Saturday, December 19, 2009

Of Snow, Airlines, Beer and the Orioles

Considering that there is more than a foot of snow on the deck outside (and still plenty more to come, apparently), the 7:00 AM BWI to SLC flight didn't quite happpen this morning. On the plus side, we found this out last night and didn't wake up at 4:00 AM just to drive to BWI and sit at the airport all day. On the down side, Delta refuses to transport my wife and I to Oregon until Wednesday. Unless, of course, we're willing to pay them $1,500 to upgrade to first class. Instead, I'm sitting at home by the fire (ok, space heater), enjoying a malted beverage, and getting caught up on all the baseball news in my Google Reader.

As we all know, the Orioles made two signings this week: Mike Gonzalez and Garrett Atkins. I've posted my initial thoughts on Gonzalez already, and nothing there has changed. I should note, however, that his 2007 and 2008 innings totals are a product of May 2007 Tommy John surgery, not a series of recurring injuries. Regardless, I don't like the move. Before I move on to Atkins, here are some other reactions from around the Web:

Gonzalez has never been worth $6M in free agent dollars throughout his career
and while he should receive a boost from increased leverage, I guess I’m more
concerned about Gonzalez’ health than anything. Factor in the loss of next
year’s second round pick and I’m not sure I completely approve of giving decent
– not great, mind you – cash to a injury prone reliever coming off his heaviest
Rob Neyer:
On balance, I think it's difficult to justify Gonzalez's contract for one big
reason: last season was the first of his career in which he threw more than 54
innings. If there's a better than 50/50 chance of Gonzalez breaking down at some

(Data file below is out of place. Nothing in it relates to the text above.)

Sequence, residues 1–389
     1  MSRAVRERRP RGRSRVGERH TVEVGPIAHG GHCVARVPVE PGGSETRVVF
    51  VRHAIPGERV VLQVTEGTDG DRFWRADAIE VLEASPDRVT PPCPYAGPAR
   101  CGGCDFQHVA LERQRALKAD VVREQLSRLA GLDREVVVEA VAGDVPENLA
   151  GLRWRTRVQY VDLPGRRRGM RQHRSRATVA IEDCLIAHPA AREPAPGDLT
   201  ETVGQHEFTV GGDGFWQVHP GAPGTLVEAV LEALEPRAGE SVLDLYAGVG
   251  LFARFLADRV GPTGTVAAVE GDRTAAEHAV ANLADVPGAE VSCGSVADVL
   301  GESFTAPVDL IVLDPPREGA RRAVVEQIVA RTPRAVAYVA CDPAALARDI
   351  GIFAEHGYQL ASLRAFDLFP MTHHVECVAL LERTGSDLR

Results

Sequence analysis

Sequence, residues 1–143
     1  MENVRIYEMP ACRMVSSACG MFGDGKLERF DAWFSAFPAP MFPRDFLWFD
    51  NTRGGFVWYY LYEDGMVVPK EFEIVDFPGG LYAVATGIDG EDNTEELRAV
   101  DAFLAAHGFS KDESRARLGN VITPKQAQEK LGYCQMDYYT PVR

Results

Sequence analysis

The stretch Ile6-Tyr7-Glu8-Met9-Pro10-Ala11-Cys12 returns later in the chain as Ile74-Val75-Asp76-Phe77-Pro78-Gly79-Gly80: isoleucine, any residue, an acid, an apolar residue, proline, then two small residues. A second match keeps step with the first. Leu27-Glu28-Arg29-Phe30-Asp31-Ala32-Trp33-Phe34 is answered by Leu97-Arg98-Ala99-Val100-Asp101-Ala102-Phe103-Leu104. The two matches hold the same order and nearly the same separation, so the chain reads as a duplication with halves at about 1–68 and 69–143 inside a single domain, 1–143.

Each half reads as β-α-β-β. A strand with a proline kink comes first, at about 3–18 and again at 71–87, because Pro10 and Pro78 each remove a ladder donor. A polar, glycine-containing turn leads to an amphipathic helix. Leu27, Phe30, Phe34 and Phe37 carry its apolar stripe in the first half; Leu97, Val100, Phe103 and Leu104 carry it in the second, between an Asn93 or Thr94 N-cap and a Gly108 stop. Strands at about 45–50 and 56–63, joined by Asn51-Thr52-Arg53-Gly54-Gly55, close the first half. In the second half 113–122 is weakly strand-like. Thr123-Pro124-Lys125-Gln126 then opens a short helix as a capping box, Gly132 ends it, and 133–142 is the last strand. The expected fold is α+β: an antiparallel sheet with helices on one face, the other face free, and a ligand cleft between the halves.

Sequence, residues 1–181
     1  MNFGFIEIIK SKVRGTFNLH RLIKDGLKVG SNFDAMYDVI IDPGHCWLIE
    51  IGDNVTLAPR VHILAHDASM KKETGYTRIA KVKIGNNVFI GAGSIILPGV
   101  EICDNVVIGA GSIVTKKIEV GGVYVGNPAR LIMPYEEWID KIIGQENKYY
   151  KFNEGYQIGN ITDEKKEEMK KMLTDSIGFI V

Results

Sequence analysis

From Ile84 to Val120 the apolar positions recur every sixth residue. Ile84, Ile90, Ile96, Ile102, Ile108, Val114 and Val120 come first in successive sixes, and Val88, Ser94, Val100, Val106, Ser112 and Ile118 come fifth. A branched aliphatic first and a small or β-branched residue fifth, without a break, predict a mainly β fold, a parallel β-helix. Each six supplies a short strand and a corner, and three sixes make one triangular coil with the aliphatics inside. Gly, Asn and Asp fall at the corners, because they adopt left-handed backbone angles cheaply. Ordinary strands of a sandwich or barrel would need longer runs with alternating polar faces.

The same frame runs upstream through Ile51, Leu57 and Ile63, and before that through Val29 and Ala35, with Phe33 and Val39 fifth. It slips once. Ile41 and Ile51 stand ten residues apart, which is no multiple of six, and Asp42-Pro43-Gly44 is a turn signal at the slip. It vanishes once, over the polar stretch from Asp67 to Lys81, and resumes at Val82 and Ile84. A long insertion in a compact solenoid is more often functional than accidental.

point while he's in the Orioles' employ, he's not worth $12 million. And I think
he's going to break down.
Keith Law (in chat, when asked about Fernando Rodney as a pick-free alternative):
I can't object to that signing. I'd rather have Gonzalez than Rodney + a 2nd
I think that about sums it up: Gonzalez has good talent, the money isn't exhorbinant (but is non-trivial), he's injury prone, and this costs a draft pick. On to Atkins...

The specs of the Atkins contract are 1-year guaranteed at $4.0 million plus an $8.5 million option with a $0.5 million buyout for year two. Since I sincerely doubt that Atkins will be worthy of the option, let's look at this as a 1-year, $4.5 million deal. FanGraphs does the heavy lifting on the analysis and concludes:
Including positional adjustment, over 150 games Atkins projects as about a 1.3
WAR player for 2010. Assuming $4.4 million per marginal win as average market
value, his $4.5 guarantee plus incentives seems to be in the right neighborhood.
So the Orioles paid a fair price for about what they're likely to be getting: a below average hitter and defender. Now, Atkins has had lots of success in the past, albeit in a very favorable run environment in the weaker league. If he can somehow rekindle that ability, this would be a nice coup for the Orioles. More likely, he keeps the position warm for Josh Bell, either later in 2010 or in 2011. Atkins does have the advantage of batting right-handed. His career splits are notably better against left-handed pitching, so it is also possible that even if he can't handle the everyday duties he caddies for Bell to protect the youngster who is still very much a work in progress from the right side of the plate. The FanGraphs conclusion mirrors my own: